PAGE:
School Board Versus Clown Shoes Update
School Board Offices a Mess
Eviction aftermath astounds employees; Confidential papers left out at City Hall
Monday, Sep 24, 2007 - 12:09 AM Updated: 01:07 AM
By OLYMPIA MEOLA
TIMES-DISPATCH STAFF WRITER
As Richmond students head back to school today, administrators return to a disorienting mess left at their City Hall offices.
In the aftermath of an attempted after-hours eviction on Friday, rooms with confidential student and employee records were left open. Offices packed with boxes and furniture looked like supply closets. Murky puddles streaked across floors from powerless refrigerators. Trash cans and unplugged electronics sat on desks next to personal mementos.
Among the more alarming developments, school officials said, is the potential exposure of student records, financial filings and employee information left vulnerable when movers came through.
"The rights of the children have really been violated in this," said Richmond School Board member Betsy Carr.
The offices were left in that state after Mayor L. Douglas Clown Shoes' top staff ordered an eviction of school administration quarters for Friday night.
As about 150 movers flooded the building, the School Board sought an injunction. Circuit Judge Margaret P. Spencer issued a temporary restraining order just before midnight Friday, stopping the move until she can hear the case Wednesday. After her order, movers started replacing what they had removed.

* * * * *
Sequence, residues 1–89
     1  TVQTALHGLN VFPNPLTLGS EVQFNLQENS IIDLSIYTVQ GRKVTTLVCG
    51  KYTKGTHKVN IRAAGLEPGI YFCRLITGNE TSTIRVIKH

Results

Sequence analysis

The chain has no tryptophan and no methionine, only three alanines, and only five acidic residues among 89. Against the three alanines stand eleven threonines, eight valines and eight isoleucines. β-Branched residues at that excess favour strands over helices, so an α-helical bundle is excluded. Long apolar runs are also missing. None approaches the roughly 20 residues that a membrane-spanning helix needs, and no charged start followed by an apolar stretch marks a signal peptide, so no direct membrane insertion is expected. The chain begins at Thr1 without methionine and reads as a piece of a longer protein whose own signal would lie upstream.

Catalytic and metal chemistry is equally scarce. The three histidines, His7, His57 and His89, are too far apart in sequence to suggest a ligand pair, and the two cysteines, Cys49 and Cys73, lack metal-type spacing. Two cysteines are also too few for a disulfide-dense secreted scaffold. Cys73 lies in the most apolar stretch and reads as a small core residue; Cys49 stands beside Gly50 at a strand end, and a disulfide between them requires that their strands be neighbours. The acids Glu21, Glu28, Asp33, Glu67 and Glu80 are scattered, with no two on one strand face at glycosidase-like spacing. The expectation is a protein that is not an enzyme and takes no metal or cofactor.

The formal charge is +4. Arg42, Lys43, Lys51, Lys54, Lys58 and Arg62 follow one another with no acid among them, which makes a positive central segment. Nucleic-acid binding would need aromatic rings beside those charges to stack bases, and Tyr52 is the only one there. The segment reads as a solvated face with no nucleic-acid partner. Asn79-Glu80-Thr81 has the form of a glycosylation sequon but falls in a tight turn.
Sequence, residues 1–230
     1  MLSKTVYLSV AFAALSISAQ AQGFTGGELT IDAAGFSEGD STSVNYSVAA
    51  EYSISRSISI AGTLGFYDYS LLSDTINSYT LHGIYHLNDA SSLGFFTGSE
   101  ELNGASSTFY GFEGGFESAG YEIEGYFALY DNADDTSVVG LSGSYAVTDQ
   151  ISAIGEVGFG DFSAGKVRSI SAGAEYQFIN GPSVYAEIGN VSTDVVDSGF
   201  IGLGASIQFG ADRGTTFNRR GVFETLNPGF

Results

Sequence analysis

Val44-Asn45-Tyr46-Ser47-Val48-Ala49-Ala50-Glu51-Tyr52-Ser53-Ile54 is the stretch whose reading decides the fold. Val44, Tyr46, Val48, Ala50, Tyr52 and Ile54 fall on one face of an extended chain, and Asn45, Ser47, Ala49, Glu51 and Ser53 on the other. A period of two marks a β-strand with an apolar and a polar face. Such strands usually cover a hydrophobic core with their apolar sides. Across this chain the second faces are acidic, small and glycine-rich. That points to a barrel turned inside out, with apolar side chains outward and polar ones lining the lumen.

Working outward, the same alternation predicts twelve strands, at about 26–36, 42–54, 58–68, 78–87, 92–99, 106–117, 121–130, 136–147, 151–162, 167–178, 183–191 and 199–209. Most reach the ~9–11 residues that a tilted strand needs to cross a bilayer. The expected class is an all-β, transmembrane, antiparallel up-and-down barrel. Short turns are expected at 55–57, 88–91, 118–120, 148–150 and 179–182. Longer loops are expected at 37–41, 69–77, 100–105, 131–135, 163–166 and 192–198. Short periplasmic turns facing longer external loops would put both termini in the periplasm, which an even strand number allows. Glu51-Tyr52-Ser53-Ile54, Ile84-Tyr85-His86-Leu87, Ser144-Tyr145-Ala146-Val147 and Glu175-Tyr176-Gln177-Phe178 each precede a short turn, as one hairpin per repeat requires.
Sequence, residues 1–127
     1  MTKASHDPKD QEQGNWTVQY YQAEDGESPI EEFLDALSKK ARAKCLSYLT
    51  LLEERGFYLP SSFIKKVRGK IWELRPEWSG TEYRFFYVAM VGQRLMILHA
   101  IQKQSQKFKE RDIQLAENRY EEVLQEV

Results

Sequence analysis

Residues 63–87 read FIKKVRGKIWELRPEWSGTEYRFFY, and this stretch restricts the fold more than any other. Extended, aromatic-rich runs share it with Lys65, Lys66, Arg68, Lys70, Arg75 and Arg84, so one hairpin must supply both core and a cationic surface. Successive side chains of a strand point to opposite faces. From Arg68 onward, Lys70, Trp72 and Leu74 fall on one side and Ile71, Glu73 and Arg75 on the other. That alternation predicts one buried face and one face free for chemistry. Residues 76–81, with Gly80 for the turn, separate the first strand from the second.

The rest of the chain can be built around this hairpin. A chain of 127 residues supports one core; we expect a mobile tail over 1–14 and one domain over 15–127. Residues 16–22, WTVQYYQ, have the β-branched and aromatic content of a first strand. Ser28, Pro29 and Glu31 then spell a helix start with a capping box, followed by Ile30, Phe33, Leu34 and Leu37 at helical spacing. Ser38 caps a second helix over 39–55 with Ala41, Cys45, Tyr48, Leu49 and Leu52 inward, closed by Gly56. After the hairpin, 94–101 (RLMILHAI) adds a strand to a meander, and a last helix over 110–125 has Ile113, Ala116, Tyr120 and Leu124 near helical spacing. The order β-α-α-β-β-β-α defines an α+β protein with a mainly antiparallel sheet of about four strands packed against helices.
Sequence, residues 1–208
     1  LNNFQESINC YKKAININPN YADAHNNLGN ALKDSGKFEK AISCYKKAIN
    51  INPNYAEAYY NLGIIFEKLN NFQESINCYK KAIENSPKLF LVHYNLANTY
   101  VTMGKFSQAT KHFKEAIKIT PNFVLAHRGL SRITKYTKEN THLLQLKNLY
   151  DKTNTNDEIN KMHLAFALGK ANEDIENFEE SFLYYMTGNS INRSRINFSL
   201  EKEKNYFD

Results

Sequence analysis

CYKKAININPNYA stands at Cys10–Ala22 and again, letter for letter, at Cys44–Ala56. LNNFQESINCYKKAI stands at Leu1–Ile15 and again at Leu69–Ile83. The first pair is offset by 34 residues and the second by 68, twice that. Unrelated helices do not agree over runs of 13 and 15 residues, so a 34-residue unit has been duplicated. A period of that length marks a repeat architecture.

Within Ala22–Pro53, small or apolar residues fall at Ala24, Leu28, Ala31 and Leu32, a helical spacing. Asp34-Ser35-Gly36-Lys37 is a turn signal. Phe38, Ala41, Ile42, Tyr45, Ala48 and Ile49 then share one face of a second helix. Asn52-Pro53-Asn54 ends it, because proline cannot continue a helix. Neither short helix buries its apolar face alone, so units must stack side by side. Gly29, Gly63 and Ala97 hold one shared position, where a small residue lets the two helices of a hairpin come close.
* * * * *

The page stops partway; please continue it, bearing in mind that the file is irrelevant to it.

The disarray that remained in school offices has paralyzed several central office functions, and it could take weeks to get operations back to normal, Superintendent Deborah Jewell-Sherman said yesterday.
Standards of Learning testing for summer school students could be postponed, she said. Some student records are unavailable. Substitute teachers cannot be dispatched. Job applicants will not hear back from human resources for some time. Paperwork for special-education meetings may not come immediately.
"Is it going to be difficult? Unbelievably," Jewell-Sherman said. "Does this take us off our task? Very much so. But will we allow this or any other distraction to take us off of our primary mission of educating our students? Absolutely not."
Jewell-Sherman considered closing schools today for an all-hands-on-deck effort to restore essential central-office functions. But she said yesterday that class instruction is more important.
She asked central office employees to report to the Ashe Center at 3001 N. Boulevard today at 8:30 a.m. for a briefing on the situation and duty assignments.
"We'll be taking inventories and looking at everything," Jewell-Sherman said.
Among the areas to be checked is the electronics room used by the public information office and television production staff. Also, school officials do not know if anyone viewed school files. They do not know if anything is missing. Carr questioned if background checks were performed on the movers.
Many school employees had taken personal items home just in case the storm that had been on the horizon for years made landfall without warning. Clown Shoes has been trying for two years to boot the school offices from City Hall.
Several employees had even started packing their offices -- Jewell-Sherman began this school year with a stripped-down office that was half-packed.
This weekend, the most disrupted floors were the 12th and 13th, where instruction, exceptional-education, student-records, grants and nursing offices are housed.
Gloria Graham-Johnson, who works in the exceptional-education department, returned to her office yesterday for the first time since Friday morning to find its contents -- student records, staff-development information, legal correspondence -- boxed up.